Focusing on characters’ feet is just one of the bold stylistic choices that Johnson makes throughout the film. If the film’s script is totally indebted to hardboiled fiction, its visual aesthetic is something far afield from the typical noir aesthetic. For the most part, Johnson trades in the chiaroscuro and cramped interiors of the classic noir for sunny, wide open exteriors. He frequently chooses to frame his subjects in cutaways, focusing on shoes or eyes, but he returns often to long master shots that dwarf the characters against their environment, be it a parking lot, a drainage ditch, or the startlingly empty high school. If the typical noir used its visual aesthetic to present a world closing in on its protagonists, Brick presents us with a world that is wide open, but rather than representing a freeing experience for the film’s characters, that wide open space seems like a challenge too daunting to overcome. Overall, the film has a kinetic visual style, often employing smash cuts and quick zooms and pans to imply violence or narrative action. The decision to tie narrative point-of-view so directly to Brendan also helps to drive tension, as the audience is left in the dark and has to take the ride along with him. There are several zigs and zags along the way to the discovery of Emily’s killer, and many of the film’s revelations are truly shocking, including its pseudo-twist ending.

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If I had any complaint with Brick, it would probably be that, aside from Gordon-Levitt, the rest of the cast isn’t given enough to work with. Obviously, the film is highly tied to Brendan’s point-of-view and his experience of the world, but that is at the detriment of fleshing out the supporting cast. Haas does give a somewhat interesting performance as the Pin, playing the character with a quiet intensity. However, costuming decisions with the character (he wears a cape and has one leg that is significantly shorter than the other) may be more subtly interesting than anything Haas does with the performance. Emilie de Ravin just isn’t in the film very much. She has an early scene with Brendan where she tries to convince him to forget about her, but otherwise she mostly appears in dream sequences as a silent, reanimated corpse. She was doing good work on LOST as a damsel in distress type of character around the same time that Brick was made, but she simply doesn’t get the opportunities in the film to fully flesh out the role. Nora Zehetner’s Laura should be the most interesting supporting character, as she is ostensibly the film’s femme fatale, and her motives are possibly duplicitous from the start, but she is often reduced to pretty screen filler. She helps Brendan with his investigation and hints that she may be doing so because she’s always had her eye on him, but she rarely rises above the trope of the popular girl who wants to manipulate the class oddball. Ultimately, that’s the biggest weakness of the film. Johnson has created a complicated, nuanced character in Brendan, and that character is brought to life by Gordon-Levitt, but the rest of the cast rarely rise above the standard teen movie tropes of the popular girl, the burnout, the jock, etc. It’s a shame because the film offers up a wholly original take on both the teen movie and the noir, only to be largely peopled with cardboard cutouts.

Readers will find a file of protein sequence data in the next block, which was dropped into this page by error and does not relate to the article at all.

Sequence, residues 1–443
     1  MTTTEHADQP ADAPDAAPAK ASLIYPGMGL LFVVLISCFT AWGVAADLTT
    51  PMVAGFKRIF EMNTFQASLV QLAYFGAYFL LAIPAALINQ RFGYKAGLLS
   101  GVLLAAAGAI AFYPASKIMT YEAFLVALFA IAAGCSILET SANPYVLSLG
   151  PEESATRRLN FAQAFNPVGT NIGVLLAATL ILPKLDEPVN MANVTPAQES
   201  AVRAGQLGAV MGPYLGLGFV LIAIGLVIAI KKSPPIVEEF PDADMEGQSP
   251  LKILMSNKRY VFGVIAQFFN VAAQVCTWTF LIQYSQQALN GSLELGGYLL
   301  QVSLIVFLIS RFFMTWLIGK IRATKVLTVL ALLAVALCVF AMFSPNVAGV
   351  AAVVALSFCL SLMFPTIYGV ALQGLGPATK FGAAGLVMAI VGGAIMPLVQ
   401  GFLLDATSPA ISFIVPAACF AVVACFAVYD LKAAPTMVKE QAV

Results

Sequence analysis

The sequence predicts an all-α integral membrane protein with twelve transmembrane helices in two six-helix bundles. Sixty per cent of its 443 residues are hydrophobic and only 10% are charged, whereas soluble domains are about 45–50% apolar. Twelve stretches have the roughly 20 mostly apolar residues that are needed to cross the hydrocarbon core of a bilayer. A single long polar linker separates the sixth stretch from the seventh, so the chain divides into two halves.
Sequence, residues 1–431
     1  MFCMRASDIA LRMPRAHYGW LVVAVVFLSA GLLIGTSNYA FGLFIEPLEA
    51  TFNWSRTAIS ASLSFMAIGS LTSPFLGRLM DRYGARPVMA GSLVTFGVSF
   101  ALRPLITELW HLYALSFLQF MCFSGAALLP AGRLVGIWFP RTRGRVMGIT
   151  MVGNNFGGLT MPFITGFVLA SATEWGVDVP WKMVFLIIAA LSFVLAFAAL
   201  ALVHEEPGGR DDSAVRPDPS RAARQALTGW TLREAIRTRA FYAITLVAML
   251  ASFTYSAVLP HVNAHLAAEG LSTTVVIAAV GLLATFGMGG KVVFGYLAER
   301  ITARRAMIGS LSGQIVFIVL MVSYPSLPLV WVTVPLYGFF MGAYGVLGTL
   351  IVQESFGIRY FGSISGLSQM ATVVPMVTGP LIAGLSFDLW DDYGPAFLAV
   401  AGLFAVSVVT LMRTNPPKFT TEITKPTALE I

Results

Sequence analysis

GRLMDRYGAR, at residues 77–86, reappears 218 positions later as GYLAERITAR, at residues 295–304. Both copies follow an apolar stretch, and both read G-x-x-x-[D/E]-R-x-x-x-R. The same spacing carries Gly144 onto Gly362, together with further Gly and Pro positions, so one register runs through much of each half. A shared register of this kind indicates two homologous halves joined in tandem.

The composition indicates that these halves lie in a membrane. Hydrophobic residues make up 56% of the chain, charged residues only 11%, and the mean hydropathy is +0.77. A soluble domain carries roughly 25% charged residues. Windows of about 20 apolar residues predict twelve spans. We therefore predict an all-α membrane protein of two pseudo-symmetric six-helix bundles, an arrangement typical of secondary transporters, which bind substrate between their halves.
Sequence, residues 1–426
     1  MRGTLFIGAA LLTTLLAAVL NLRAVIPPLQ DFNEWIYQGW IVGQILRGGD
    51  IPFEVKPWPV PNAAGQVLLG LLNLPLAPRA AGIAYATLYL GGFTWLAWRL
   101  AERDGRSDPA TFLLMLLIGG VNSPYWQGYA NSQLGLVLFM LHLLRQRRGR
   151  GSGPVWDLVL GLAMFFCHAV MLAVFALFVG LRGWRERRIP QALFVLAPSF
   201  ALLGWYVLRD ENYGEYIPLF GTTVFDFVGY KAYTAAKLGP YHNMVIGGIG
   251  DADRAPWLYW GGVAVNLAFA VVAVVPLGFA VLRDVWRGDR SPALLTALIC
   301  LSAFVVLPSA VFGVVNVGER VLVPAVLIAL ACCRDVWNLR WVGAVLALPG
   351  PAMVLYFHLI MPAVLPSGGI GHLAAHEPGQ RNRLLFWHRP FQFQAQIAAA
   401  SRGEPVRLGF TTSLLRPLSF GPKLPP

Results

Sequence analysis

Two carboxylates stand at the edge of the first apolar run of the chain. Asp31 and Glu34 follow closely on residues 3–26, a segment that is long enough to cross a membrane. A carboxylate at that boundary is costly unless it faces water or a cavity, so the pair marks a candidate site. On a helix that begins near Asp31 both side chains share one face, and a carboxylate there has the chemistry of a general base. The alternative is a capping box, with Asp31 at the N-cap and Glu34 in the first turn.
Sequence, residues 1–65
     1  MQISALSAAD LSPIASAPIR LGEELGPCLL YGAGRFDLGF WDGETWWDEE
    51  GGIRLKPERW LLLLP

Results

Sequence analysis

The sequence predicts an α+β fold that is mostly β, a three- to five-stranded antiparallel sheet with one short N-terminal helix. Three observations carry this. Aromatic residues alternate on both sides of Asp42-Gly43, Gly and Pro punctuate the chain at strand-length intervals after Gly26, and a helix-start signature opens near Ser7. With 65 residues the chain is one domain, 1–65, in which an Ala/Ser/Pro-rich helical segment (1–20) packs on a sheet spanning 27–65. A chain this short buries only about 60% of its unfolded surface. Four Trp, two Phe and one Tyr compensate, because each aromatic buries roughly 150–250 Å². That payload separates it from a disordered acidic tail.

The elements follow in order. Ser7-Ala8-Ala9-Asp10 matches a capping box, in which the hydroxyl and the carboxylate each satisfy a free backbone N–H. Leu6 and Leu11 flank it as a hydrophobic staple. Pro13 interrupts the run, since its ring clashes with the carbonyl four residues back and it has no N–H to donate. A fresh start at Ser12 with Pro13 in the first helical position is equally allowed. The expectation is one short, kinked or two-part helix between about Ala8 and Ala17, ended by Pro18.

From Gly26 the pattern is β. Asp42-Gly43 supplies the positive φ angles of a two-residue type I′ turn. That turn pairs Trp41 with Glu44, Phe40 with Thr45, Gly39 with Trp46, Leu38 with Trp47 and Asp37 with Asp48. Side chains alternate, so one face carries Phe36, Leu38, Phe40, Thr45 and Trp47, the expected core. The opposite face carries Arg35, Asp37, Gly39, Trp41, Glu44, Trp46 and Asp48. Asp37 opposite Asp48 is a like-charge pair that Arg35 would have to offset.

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Overall, though, Brick is a winner. It’s a movie about teens that doesn’t dumb itself down to its audience, instead offering a glimpse into high school life that is artful and fantastical. If you remove the murder from the film, it becomes about a young man trying to come to terms with his girlfriend dumping him and his inability to move on. That’s a relatable subtext for any young person, and it serves as the film’s emotional heart. The bones around that heart are the complex murder mystery that Johnson weaves, and then dresses in the trappings of the film noir. There are a lot of constituent components to Brick, but they ultimately combine to form a film that embraces and elevates its influences. It’s full of subtle allusions to classic films, but it is never derivative thanks to Johnson’s kinetic visual style. The director’s continued stylistic evolution, genre experiments, and knack for storytelling and world building has now landed him a spot helming the next film in the Star Wars saga, but his debut is still probably my favorite film of his. Despite its small budget and relatively unknown cast, Brick had all the indications that its director and star would be on to bigger things very soon.